No, there are two, perhaps three questions obsessing the golfing mind. Will Wie be the suffragette this most traditional of sports has been waiting for, to storm the age-old defences of the Augusta National to be the first woman to play in a male major, the first to play full-time on the male tour, to take on and, yes, beat her male rivals? Or will she "merely" be the next Annika, the woman who tried to bridge golf's infinite gender gap, but ultimately failed and had to be content with being a genius of her own fairways? Today, more than any other day, it seems churlish to entertain any other eventuality, although there is a decidedly vocal group that insists that in Paula Creamer, America has a (white) 19-year-old who will be Wie's elder and better throughout her career. They point not only to Creamer's unprecedented rookie year - winning two titles, having eight top tens and missing just the one cut - but also to Wie's own record. Since the low-key US Women Public Links Championship in 2003, where have been her victories? Doesn't her last-round capitulation at June's US Women's Open show that by by-passing junior and amateur golf she has never "learnt to win", that her near misses in surviving the cut in a few male tournaments were nothing more than an underlining of the many bounds, in general, women's golf has made? Even Woods has hinted that he subscribes to this "too early" view, although the hyperbole of his colleagues obviously rang the louder when it was gauged whether she should take the plunge. "She swings the club like no woman I've ever seen," said Ernie Els. "One of the best golf swings I've ever seen," remarked Davis Love. "When you see her hit a golf ball, nothing prepares you for it," sighed Fred Couples. "I've grown up and played with some of the best male golfers in the world and she's better at her age than they were," crooned her coach, Gary Gilchrist.
While Tiger's opinion has been gleaned from his own unique experience, the rest are based on nothing more substantial than giddying potential. It has always been so with Michelle Wie. Up until this day she has not been encumbered by the "what could have beens" but rather propelled by the "what will bes". When she missed the cut by one at the male Sony Open as a 14-year-old the how and Wie was a positive and not a negative.
But now all that is set to change. Not eligible to join the LPGA Tour proper until she is 18, Wie will have to take her chances from the six invites she is allowed, but if this season's evidence is anything to go by that will be quite enough to give the hype some greenback. Notionally she would have collected an average prize of $100,000 in each of her seven tournaments, second only to Annika Sorenstam, who has averaged $140,000. Put that with her repeated forays - invites, naturally - on to the PGA Tour, and interestingly next month on to the Japan men's tour, and it is plain that her school holidays will not be spent in bed. While her friends will be frantically following trends she will be busily setting them.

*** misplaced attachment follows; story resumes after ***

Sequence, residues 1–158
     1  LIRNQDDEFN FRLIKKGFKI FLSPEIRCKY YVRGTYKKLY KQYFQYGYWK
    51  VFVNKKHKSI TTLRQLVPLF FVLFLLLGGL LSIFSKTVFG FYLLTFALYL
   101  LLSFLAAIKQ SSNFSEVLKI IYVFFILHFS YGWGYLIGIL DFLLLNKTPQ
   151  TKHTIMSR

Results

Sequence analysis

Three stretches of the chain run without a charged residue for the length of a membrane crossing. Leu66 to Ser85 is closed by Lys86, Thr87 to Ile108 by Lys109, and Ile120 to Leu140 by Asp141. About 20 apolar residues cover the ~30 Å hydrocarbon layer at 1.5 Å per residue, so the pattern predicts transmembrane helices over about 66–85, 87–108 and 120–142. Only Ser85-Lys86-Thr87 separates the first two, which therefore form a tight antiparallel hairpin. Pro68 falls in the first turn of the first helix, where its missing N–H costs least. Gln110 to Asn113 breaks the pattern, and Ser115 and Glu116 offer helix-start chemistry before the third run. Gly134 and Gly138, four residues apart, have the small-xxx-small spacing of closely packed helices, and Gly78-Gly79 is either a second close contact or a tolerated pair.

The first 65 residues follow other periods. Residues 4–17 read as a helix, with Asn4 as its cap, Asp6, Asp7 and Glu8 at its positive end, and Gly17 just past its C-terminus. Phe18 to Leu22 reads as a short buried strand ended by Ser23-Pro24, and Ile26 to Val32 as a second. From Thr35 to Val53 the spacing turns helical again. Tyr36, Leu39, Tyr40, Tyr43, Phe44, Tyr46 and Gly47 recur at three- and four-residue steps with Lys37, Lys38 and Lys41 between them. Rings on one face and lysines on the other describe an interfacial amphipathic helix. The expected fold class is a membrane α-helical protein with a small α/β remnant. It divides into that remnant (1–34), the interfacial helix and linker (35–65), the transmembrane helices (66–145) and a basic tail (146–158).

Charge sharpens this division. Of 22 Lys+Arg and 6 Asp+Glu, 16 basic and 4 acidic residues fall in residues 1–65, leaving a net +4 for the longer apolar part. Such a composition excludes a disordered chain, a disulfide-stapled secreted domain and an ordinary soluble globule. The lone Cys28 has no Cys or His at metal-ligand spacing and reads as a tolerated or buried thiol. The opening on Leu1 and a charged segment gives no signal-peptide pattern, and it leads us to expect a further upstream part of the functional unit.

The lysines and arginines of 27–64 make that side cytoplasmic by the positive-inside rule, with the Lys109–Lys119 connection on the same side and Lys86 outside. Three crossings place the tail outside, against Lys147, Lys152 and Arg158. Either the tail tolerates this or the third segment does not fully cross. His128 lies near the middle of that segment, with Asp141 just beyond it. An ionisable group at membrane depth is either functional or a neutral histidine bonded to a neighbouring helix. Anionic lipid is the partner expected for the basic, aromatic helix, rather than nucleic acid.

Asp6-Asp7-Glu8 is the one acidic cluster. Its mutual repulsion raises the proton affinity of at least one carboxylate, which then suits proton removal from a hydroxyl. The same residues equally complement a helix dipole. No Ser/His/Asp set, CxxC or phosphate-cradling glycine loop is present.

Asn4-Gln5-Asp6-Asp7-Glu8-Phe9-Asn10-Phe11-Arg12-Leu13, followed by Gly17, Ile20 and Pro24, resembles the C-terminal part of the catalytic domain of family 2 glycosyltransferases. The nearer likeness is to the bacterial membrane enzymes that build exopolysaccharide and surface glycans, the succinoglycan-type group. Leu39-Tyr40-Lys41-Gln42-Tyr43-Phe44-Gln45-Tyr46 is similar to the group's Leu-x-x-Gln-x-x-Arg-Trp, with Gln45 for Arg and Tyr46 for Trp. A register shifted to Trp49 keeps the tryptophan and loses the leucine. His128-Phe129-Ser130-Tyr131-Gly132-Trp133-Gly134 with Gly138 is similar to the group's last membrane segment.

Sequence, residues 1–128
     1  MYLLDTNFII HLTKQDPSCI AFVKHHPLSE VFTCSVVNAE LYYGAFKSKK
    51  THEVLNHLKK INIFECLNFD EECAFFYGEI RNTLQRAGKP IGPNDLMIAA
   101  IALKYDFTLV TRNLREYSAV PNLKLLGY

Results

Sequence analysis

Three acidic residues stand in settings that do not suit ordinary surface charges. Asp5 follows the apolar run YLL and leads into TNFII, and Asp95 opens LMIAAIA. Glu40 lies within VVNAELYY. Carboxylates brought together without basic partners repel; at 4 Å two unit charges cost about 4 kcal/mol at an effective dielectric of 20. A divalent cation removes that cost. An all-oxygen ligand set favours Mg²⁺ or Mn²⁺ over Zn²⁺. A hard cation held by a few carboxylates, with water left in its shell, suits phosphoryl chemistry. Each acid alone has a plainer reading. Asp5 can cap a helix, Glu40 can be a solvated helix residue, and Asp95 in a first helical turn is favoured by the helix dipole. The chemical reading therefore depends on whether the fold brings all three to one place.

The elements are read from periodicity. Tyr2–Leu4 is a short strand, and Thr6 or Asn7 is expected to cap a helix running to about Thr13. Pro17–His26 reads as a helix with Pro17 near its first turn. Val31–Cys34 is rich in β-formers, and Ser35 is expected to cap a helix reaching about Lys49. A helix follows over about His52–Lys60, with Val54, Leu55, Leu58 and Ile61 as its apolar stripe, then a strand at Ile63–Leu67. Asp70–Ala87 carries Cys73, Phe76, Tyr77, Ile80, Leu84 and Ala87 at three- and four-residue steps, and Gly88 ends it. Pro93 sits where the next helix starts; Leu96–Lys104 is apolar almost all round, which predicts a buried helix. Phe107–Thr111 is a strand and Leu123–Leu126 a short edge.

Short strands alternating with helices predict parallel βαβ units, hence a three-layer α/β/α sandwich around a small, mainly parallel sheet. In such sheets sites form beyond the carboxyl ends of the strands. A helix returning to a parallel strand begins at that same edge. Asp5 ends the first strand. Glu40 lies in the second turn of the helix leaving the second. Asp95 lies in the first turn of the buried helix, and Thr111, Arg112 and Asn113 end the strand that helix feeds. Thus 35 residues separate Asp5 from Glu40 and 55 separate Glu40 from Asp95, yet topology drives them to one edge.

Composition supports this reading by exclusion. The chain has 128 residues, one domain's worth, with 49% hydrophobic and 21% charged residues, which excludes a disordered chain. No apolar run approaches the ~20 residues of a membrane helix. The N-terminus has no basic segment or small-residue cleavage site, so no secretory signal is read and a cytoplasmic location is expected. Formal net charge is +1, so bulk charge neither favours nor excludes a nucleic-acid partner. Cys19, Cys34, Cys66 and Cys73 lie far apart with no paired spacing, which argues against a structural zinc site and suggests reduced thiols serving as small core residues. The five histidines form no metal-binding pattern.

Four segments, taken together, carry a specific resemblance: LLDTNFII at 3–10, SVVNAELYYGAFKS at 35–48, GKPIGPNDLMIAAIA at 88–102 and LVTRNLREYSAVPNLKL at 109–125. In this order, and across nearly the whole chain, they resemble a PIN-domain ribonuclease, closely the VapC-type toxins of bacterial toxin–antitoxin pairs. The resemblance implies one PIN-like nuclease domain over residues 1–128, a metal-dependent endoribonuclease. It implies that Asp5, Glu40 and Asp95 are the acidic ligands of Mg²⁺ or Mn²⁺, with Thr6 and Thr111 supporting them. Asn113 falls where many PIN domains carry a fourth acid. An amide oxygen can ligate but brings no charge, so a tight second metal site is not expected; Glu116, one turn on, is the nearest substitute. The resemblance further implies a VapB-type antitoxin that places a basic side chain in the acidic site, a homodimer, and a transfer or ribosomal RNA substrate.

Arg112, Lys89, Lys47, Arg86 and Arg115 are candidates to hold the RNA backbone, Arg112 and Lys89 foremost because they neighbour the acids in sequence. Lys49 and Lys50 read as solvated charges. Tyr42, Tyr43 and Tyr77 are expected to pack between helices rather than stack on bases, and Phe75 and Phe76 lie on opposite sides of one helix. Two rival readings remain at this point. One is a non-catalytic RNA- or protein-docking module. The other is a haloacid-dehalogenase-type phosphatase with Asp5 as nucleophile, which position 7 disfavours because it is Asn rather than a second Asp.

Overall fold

"I really want to change what everyone thinks about the women's game, make them think a little bit more outside the box," she said earlier this year. "I want to play on the PGA Tour as well as the LPGA Tour, and I really want to become the first woman to play in the Masters at Augusta. My mind-set is that I can beat everyone in the women's game, but I don't really think that I'm the best yet." From this day forth, she will have to be. The money men demand it, the historians demand it, her father demands it. "Yeah-but-no-but" will not work for Michelle Wie.
Wonder of Wie: What she did
* 1989 Born 11 October in Honolulu.
* 1994 Begins playing golf at the age of four.
* 1996 At age seven, plays her first 18-hole round and finishes 14-over par.
* 2000 Becomes the youngest player to qualify in a USGA amateur championship event.
* 2001 Wins the Hawaii State Women's Stroke Play Championship at age 11.
* 2002 At 12, becomes the youngest player ever to qualify for an LPGA tournament.
* 2003 March Plays in her first LPGA major, the Kraft Nabisco Championship. August: Misses cut in the Canadian Tour's Bay Mills Open Players' Championship - her first professional men's event in the mainland US.
* 2004 January Plays in her first PGA Tour event, the Sony Open.,Misses the cut by one stroke. June As a member of the US team, is the youngest golfer in the history of the Curtis Cup. Wins both singles matches
* 2005 February Earns her highest finish to date in an LPGA event, tied for second, at the SBS Open at Turtle Bay. June Second to Annika Sorenstam at the LPGA Championship.
What they said
'She's probably going to influence the golfing scene as much as Tiger, or more. She's going to attract people that even Tiger didn't attract, young people, both boys and girls, and families.'
'Give her another couple years to get stronger, she can play on the PGA Tour.'
'When you see her hit a golf ball... there's nothing that prepares you for it. It's just the scariest thing you've ever seen.'